Somehow the word reached the small community of cave explorers here in Jalisco: There’s an archaeologist in Santa Clara del Cobre, Michoacán trying to figure out how to accurately map a cave, and she needs help.
The archaeologist turned out to be Cinthia Campos, who is both Mexican and American and has a particular interest in how and why past civilizations used caves.
“Come see my cave,” she wrote, “and you can stay at El Gran Escape, it’s a beautiful place with cabins and great meal service.”
As Santa Clara del Cobre is in the narco-infested state of Michoacán, of course questions of safety immediately came to mind.
“Santa Clara is near Pátzcuaro and Pátzcuaro is near Morelia, and these three towns are as safe as any around Guadalajara,” Campos assured me. “ Don’t worry, you’ll be fine.”
All this sounded great and I was all set to go with geologist (and excellent cave surveyor) Chris Lloyd, when out of nowhere I got a very bad case of the runs. So I ended up staying at home while Chris and Luis Rojas went to map the cave.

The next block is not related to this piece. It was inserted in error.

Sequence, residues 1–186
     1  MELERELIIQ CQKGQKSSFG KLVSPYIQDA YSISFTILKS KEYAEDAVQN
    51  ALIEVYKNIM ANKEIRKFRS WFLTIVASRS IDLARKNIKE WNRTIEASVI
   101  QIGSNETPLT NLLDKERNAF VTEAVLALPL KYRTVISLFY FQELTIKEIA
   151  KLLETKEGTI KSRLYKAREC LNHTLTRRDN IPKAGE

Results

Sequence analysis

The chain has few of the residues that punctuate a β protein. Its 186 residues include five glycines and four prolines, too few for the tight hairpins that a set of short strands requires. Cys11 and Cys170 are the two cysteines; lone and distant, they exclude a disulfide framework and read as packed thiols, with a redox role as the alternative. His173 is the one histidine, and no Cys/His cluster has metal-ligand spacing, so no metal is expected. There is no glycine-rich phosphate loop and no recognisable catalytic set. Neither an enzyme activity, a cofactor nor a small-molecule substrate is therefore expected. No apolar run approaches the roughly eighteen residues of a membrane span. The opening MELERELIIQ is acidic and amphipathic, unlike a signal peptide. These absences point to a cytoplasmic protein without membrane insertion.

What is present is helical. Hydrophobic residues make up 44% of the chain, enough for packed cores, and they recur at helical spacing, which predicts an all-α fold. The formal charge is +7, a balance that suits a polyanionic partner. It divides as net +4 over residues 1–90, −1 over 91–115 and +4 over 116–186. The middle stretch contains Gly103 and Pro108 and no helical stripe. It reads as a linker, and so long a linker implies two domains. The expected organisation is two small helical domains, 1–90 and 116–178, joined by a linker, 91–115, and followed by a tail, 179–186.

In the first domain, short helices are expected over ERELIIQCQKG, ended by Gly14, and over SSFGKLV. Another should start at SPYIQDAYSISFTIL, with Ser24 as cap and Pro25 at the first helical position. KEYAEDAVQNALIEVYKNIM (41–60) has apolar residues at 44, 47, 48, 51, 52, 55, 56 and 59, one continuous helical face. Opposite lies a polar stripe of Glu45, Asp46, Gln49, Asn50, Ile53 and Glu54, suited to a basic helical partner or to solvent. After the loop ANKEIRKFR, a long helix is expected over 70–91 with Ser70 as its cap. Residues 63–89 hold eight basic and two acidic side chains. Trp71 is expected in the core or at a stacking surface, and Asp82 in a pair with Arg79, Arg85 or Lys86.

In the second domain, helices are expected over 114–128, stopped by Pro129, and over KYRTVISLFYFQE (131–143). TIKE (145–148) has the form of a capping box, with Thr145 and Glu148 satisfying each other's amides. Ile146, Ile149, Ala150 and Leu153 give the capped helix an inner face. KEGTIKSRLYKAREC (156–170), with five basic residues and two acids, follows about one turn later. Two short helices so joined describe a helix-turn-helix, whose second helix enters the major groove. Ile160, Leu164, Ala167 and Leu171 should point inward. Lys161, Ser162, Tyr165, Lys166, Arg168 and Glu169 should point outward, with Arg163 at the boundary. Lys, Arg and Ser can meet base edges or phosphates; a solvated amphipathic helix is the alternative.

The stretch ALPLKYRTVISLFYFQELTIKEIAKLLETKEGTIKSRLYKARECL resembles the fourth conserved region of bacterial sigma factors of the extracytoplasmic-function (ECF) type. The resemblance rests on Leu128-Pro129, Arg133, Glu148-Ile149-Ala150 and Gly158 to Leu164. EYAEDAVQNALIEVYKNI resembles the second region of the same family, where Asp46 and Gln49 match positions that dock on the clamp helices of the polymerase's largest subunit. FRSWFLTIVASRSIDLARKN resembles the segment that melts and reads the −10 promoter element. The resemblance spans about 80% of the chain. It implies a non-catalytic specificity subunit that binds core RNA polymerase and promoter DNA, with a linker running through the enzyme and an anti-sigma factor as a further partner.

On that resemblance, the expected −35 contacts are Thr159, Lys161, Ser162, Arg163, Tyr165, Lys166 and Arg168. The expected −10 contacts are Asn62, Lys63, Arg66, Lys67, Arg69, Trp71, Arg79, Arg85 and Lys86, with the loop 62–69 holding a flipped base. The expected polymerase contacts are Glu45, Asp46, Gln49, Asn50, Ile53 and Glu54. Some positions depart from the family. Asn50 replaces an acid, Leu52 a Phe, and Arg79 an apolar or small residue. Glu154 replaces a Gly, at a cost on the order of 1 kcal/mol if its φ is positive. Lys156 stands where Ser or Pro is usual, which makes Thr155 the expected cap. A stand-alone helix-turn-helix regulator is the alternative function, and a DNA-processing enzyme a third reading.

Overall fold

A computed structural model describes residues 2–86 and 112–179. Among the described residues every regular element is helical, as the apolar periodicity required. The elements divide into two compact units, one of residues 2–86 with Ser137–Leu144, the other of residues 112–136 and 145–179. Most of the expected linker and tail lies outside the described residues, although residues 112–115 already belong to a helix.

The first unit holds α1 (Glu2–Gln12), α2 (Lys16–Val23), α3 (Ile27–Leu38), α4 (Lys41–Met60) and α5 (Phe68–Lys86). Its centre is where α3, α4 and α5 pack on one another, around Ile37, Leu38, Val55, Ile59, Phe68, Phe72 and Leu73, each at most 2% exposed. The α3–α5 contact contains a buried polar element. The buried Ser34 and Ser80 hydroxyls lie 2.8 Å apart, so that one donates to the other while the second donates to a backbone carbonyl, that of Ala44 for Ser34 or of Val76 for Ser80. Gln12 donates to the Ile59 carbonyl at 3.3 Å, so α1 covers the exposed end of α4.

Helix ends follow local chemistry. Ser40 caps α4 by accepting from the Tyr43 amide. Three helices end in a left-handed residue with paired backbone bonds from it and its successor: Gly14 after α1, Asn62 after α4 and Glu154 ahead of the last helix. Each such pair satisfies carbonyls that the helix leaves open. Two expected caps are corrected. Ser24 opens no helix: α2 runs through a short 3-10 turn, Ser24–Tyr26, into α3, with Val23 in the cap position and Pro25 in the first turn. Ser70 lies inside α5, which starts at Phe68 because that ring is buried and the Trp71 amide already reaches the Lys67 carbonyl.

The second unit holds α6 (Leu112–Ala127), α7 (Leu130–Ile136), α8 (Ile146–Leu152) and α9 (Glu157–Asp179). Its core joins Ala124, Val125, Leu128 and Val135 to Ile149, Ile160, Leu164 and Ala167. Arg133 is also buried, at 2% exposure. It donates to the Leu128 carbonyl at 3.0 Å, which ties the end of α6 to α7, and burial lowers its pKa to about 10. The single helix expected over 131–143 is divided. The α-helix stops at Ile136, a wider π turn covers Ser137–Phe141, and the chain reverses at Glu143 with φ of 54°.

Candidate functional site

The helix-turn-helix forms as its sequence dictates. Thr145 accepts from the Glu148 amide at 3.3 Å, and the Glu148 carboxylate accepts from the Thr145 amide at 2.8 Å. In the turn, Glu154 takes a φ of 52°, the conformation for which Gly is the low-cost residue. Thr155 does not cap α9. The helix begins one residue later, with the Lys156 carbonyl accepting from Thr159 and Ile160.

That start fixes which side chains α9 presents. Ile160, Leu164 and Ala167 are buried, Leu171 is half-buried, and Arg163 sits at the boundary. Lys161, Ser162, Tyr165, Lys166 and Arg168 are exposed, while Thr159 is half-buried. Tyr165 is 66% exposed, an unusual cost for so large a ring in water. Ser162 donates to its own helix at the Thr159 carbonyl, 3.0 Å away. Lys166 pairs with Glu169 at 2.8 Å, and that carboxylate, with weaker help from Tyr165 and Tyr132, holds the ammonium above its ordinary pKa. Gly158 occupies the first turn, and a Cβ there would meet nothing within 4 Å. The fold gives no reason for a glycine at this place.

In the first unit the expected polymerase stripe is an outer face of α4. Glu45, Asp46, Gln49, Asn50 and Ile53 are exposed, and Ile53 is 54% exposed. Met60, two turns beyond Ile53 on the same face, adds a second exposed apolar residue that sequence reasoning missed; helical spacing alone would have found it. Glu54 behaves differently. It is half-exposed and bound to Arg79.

Three days later, they were back.
“That cave was a killer,” Rojas told me the following day. “We would have had to rope you in to get you through certain parts of it. It was duro and feo, but, of course there were those incredible petroglyphs I found exactly in the most inaccessible part of it. ..”
The “hard and ugly” cave sounded more interesting by the minute, so I called Lloyd.
“We surveyed 100 meters of it,” he told me, “but instead of taking a few hours, as I had expected, it took two days.”
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